10 Smart, Cost-Saving Grocery Shopping Tips


Zebert L. BrownAccording to the U.S. Department of Agriculture, a family of four spends approximately $627.90 a month on groceries – and that’s being on the thrifty side! For most Americans, their grocery bill constitutes the third largest household expense behind paying the mortgage and transportation costs. And from the looks of things it doesn’t appear that foods costs will be coming down any time soon. So, what can you do to reduce your grocery bill?  Here are 10 cost-saving tips that can save you big bucks on your grocery bill:

  1. Plan your meals. It might sound tedious, but planning your meals a week at a time helps to streamline your grocery shopping. This way you only purchase those food items you need. This works whether you’re on a tight budget or a fixed income.

  2. Make a grocery list. If done right, your grocery list should include all the necessary ingredients to make your menus complete. By making a grocery list, you also minimize the risk of impulse buying which only adds to your grocery bill. And at today’s food prices, who wants to spend more than they have to on food?

  3. Price Matching. Most grocery store chains will match the price of a competitor’s sales price provided you can show them the sales price. Bring coupons or competitor’s sales ads with you and present them at the check-out to save a few bucks.

  4. Use Coupons. The stories you’ve heard of The Coupon Lady saving hundreds on her grocery bill are true! Clipping coupons remains the best way to save money on your grocery bill. It’s no easy task; you have to do a lot of work up front to get organized, but the cost savings are worth it provided you’re willing to look for bargains. Collect weekly circulars for coupons or print them from such on-line sites as Coupons.com, MyCoupons.com or GrocerySmarts.com.

  5. Use In-Store Discount Cards. We all look for the sale price whenever we go shopping, but many grocery store chains, such a Kroger, offer in-store discounts using their store discount card on top of their sale price. Using a store’s discount card can add extra savings to your grocery bill.

  6. Shop Generic. We’ve heard it said before, “shop generic”, and it’s true that buying off-brand food items can save you money. In fact, many name brand grocery store chains now offer store brand items of their own in place of the old white or yellow “generic” packaged food items. If you’re worried about taste or quality, don’t be! Most store brand foods taste just as good as the retail brands or better, and are of high quality, too. So, don’t be afraid to try an off-brand item. You won’t be able to tell the difference and you’ll save a lot of money in the process.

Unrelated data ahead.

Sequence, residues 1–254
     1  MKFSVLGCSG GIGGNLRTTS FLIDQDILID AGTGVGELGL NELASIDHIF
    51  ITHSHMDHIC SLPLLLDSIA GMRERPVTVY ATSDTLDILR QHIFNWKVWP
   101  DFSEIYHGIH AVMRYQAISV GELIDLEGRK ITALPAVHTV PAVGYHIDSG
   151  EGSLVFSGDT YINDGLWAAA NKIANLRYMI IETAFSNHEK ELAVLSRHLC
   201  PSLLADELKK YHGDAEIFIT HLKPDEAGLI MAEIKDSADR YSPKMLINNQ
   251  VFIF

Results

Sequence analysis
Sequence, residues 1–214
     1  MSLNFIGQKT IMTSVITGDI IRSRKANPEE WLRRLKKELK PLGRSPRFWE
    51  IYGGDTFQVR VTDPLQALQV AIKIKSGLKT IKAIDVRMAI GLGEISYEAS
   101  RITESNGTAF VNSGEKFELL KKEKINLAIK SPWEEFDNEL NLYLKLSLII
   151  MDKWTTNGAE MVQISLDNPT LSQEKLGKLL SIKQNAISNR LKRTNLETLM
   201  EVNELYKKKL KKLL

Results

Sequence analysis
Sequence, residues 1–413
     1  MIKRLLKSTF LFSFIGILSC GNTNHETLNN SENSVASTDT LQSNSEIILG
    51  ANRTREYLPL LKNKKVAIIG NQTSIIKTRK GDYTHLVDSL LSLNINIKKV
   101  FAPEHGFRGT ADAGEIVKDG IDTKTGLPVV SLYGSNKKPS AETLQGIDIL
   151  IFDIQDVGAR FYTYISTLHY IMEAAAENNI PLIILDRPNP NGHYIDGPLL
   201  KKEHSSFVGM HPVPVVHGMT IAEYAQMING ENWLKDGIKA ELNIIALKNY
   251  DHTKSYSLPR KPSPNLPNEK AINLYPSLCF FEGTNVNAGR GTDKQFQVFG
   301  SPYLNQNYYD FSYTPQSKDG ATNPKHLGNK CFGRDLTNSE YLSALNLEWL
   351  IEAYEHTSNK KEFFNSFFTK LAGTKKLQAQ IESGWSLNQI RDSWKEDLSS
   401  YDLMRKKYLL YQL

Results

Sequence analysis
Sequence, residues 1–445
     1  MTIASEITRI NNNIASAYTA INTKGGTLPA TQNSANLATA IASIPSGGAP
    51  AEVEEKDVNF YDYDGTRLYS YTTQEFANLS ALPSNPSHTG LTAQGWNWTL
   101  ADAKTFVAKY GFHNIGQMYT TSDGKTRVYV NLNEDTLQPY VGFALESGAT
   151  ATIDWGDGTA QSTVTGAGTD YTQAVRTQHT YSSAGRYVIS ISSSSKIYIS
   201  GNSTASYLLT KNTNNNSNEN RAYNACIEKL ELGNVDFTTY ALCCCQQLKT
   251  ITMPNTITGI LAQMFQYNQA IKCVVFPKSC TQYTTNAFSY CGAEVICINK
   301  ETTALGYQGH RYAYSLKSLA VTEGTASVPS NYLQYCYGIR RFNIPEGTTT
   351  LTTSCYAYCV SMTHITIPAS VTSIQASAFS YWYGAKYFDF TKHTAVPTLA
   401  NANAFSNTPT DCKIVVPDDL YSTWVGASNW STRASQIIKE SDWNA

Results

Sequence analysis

7. Shop at Discount Stores. While the big grocery store chains offer many of the name brand items we all love, discount stores, such as Dollar Tree, Dollar General and Aldi’s, offer quality grocery items at very competitive prices. In most cases, their every day low prices beat the retail grocery store chains hands down. So, don’t be fooled into thinking low-cost means “cheap”. Discount stores offer significant cost-savings on many of the common food items you routinely buy at a faction of the cost. And they taste good, too.

  8. Be tech savvy – Use Shopping Apps. You can compare prices of name brand grocery store items or even create shopping lists using shopping apps, such as GroceryIQ or Grocery Pay. So, if you think $2.95 is too expensive for that 20 oz. can of named brand soup, compare prices right from your iphone and if you find the same item for a cheaper price at another store in your neighborhood, head across town and by it there. Better yet, show the cashier at check-out and if they price match, buy it! Talk about choice and competition!! There are several other grocery shopping apps you can download at the Google Play store and most apps are free. So, shop around and find the best app that works for you.

  9. Shop at Farmer’s Markets. Fresh fruits and vegetables are already expensive and unstable weather conditions can only mean prices will go higher. But your local Farmer’s Market can help lower the cost of fresh produce because all items are locally grown providing you with significant savings. All Farmer’s Markets undergo rigorous state health and safety inspections. So, you can rest assured they meet the highest health and safety standards. But just as important, the cost of fresh fruits and vegetables are cheap compared to your local grocery store chain. So, give your local Farmer’s Market a try. You can find a Farmer’s Market near you at www.localharvest.org.

  10. Buy in Bulk. If you’re feeding a small army, chances are buying bulk is worth your time and can save you money. But even if you’re feeding a family of four, buying in bulk can provide long-term savings for those grocery items you buy routinely. Simply use what you need for the here-and-now, and store the excess away for later use. Membership at the leading two bulk buying stores, Sam’s Club and CostCo., is relatively inexpensive. So, if you have extra pantry space, buying in bulk can be worth it in the long-run.

That’s my blogpost for this week. Join the discussion and post your comments below. And don’t forget to tune in next week where I’ll once again share more ways you can break the debt cycle and then go…beyond.

Zebert L. Brown is the author of Break the Debt Cycle in 3 Simple Steps and a 16 year Navy veteran with specialties in administrative management, career development and public relations. Follow him on Facebook and Twitter.